Monday, November 8, 2010

Students invented the wheel

After reading this blog post you will be aware of how to efficiently evaluate your own communication. The example used here is the student <-> teacher relationship, but it applies everywhere. These findings are based on extensive research over several years as a student, noticing what works, and what does not. As usual I will do my best to concise with my text here. I do not need to write things over and over again, I will leave it to you to read it, over and over again.

Teachers have this perception that when students do not listen, it is because they are communicating in the wrong way. Did it not occur to them that it does not have to be how, but what you communicate, that is wrong. I am not talking about your indirect communication such as body language etc. I will leave that to another day, because for now we will focus on what you are telling your listeners.

Is it something they already know? If yes, do not tell them again. Most common mistake from teachers is to tell what the students have already read. By doing so, you directly motivate the students not to read, I will show you the math:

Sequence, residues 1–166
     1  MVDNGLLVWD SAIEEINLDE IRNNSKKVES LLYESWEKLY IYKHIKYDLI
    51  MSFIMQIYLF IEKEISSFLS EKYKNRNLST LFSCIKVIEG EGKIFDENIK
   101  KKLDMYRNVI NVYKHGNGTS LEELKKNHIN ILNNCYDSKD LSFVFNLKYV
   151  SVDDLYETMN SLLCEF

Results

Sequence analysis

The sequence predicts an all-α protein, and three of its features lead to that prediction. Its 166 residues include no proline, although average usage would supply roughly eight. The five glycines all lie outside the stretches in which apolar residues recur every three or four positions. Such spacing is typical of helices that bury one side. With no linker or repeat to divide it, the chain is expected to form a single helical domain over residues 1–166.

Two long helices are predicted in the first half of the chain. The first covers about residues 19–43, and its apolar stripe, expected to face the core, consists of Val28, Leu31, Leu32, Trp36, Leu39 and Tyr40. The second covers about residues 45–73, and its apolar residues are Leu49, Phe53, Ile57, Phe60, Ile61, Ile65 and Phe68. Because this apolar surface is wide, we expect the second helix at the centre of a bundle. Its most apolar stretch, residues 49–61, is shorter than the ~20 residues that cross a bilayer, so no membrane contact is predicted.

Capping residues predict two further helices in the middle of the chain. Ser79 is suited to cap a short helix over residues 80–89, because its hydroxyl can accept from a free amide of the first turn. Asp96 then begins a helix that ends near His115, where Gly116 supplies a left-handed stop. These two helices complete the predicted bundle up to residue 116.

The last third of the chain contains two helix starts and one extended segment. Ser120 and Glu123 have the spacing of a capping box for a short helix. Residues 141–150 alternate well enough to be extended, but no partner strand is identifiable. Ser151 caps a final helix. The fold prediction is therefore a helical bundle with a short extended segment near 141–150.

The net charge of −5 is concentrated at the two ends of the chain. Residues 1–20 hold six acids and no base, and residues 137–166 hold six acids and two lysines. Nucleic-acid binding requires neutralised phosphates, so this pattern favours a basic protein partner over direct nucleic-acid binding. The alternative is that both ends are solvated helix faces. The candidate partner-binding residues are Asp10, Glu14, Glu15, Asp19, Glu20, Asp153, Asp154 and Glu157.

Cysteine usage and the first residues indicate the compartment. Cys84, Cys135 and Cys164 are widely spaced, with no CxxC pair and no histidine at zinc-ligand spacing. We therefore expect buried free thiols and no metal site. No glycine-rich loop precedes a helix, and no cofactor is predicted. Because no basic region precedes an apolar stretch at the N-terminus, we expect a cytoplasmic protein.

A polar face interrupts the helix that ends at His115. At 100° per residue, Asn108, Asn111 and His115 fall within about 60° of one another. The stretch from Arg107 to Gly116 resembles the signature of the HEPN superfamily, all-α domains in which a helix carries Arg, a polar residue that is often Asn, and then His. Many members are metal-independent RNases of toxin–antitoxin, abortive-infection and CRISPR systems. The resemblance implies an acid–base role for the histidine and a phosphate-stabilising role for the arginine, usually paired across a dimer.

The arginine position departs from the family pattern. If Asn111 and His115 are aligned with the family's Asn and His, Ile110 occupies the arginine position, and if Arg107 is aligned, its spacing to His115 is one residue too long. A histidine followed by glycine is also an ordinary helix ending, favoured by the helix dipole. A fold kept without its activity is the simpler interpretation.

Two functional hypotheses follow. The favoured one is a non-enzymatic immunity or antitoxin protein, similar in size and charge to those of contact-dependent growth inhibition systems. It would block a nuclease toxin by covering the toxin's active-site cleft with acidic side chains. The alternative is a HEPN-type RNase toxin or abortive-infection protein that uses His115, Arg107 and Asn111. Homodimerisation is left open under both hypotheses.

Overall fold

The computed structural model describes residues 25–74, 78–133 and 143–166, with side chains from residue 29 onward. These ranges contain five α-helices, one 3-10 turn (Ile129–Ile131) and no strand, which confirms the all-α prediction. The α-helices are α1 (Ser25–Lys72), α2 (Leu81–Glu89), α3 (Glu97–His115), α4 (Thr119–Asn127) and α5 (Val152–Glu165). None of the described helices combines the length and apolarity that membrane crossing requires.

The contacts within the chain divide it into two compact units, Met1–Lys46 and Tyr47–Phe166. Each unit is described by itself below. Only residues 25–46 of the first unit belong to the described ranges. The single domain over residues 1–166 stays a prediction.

Teacher gives student homework -> Student reads homework -> Teacher tells student what he just read for homework -> Student is bored -> Student stops reading homework, because:

Students will be bored during classes since they already know what the teacher is telling them. There is no point doing something twice (read and have the lecturer read aloud), and students see this connection. In addition they stop listening because they also know that should they need this knowledge, they can just read the book later.

What a teacher needs to do is simple:
Take what you expect the students to learn from the books (theory, models etc.) and give them assignments that require this knowledge. If a student does not do his homework it is no longer your responsibility that this student is behind in class.

Please comment and share if you like, I'll be happy to respond to any inquiries.